Georgia O’Keeffe’s Hibiscus and Plumeria: Abstraction, Nature, Place
Georgia O’Keeffe famously painted the flowers that grew in her gardens, so how did the tropical and exotic hibiscus and plumeria find their way into her work? Join Theresa Papanikolas, Ann M. Barwick Curator of American Art at the Seattle Art Museum, as she traces the genesis and development of O’Keeffe’s floral paintings, follows in the footsteps of her 1939 journey to Hawaii, and reveals how she interpreted nature in modernist terms to reflect her intense—even spiritual—reverence for the American landscape.
Theresa Papanikolas, Ph.D. joined the Seattle Art Museum in 2019 as its Ann M. Barwick Curator of American Art. Prior to that, she was Deputy Director of Art and Programs and Curator of European and American Art at the Honolulu Museum of Art, where she led the reinstallation of its galleries and organized the exhibitions From Whistler to Warhol: Modernism on Paper (2010), Georgia O’Keeffe and Ansel Adams: The Hawai?i Pictures (2013), Art Deco Hawai?i (2014), and Abstract Expressionism: Looking East from the Far West (2017). She was also the curator of the New York Botanical Garden’s 2018 exhibition, Georgia O’Keeffe: Visions of Hawaii. At SAM, she is curator of Georgia O’Keeffe: Abstract Variations, forthcoming in 2020.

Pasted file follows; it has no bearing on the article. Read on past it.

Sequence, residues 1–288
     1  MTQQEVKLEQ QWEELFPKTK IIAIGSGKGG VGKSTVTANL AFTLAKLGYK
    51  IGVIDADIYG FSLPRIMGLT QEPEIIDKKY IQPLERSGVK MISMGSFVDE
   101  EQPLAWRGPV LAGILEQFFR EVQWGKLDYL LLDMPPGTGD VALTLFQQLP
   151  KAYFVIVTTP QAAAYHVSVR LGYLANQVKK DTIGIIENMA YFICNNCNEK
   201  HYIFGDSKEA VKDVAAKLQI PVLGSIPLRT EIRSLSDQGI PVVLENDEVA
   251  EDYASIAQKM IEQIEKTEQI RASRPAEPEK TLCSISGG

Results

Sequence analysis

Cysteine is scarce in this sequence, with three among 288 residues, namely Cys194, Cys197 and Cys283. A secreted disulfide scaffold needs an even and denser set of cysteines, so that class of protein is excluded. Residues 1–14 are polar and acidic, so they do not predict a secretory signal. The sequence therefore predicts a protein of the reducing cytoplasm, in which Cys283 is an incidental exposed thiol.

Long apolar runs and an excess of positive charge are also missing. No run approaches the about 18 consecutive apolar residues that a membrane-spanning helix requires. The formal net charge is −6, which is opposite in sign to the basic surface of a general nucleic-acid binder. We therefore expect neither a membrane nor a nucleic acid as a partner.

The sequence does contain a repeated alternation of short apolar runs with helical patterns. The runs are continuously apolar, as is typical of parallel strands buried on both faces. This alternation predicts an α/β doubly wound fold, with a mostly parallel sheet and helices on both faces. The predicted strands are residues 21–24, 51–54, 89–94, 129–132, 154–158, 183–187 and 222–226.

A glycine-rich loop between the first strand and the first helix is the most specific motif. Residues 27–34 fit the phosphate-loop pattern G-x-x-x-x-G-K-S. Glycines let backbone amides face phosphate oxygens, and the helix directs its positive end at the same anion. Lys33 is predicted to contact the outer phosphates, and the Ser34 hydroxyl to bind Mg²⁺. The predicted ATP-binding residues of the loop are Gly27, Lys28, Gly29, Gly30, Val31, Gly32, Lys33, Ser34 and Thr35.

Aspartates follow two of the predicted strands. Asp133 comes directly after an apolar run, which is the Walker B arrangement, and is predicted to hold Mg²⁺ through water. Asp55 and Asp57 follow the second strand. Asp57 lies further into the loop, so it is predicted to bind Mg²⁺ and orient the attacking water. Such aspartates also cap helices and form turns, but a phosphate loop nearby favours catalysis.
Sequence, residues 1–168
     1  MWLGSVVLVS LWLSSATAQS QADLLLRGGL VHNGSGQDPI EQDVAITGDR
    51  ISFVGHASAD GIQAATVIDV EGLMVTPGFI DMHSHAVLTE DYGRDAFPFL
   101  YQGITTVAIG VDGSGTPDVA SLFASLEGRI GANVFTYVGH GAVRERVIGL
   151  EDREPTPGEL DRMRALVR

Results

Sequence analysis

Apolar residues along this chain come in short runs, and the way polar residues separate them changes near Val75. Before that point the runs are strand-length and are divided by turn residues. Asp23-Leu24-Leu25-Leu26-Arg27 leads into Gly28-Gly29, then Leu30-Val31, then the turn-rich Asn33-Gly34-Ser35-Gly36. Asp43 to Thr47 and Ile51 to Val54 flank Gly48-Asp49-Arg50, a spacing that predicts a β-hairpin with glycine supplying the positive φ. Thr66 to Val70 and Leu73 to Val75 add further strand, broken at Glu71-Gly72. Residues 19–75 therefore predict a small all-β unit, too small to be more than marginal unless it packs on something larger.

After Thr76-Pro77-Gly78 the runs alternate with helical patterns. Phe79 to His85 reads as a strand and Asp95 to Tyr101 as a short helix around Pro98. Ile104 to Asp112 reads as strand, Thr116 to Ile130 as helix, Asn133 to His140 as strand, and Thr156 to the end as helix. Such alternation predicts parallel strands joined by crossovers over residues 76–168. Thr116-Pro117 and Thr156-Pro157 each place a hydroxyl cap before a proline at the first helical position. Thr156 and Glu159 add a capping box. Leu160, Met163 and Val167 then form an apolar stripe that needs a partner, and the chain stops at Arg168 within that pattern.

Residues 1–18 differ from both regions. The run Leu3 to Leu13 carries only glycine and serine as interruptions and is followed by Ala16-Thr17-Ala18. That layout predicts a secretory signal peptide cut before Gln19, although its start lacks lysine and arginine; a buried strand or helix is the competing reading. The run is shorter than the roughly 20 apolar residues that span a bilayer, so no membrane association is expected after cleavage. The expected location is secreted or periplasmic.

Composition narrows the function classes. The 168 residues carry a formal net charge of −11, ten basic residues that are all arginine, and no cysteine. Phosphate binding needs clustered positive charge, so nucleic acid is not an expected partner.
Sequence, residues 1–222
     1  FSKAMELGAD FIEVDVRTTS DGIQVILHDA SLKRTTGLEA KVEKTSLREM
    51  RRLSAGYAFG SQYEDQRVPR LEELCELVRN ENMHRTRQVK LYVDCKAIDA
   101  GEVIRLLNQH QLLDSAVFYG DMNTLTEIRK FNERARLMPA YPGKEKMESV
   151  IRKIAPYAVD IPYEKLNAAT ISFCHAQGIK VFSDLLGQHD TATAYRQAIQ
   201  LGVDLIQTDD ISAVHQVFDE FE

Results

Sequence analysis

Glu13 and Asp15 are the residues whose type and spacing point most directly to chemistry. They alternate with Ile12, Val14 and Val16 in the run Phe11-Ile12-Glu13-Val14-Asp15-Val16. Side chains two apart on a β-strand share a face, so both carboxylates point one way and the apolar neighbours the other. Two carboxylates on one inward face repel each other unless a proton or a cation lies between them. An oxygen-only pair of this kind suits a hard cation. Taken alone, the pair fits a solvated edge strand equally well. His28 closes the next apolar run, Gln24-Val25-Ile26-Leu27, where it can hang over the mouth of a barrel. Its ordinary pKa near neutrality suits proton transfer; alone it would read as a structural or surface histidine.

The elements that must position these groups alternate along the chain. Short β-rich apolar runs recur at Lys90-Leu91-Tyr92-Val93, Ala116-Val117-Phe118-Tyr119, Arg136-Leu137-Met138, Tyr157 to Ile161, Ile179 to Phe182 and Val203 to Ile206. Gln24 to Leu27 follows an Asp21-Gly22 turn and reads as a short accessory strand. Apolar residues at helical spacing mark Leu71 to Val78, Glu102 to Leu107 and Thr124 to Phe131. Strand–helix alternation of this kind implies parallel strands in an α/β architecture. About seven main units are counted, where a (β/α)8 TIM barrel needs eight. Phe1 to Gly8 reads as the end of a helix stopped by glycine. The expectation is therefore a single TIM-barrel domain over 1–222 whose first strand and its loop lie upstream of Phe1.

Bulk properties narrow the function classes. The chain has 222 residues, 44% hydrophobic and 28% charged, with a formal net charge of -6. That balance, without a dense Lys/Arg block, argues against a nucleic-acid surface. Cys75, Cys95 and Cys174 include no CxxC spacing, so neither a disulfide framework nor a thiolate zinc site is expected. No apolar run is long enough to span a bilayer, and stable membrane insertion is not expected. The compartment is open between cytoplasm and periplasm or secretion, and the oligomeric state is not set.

Dr. Papanikolas has worked at the Los Angeles County Museum of Art; Contemporary Arts Museum Houston; the Museum of Fine Arts, Houston; and Rice University; holds degrees from USC (BA) and the University of Delaware (MA, Ph.D.); and completed a Fellowship at the Center for Curatorial Leadership (2016).
The Art Bite lecture series is supported by Nevada Humanities with additional sponsorship and free admission for students supported by the Core Humanities Program at the University of Nevada, Reno.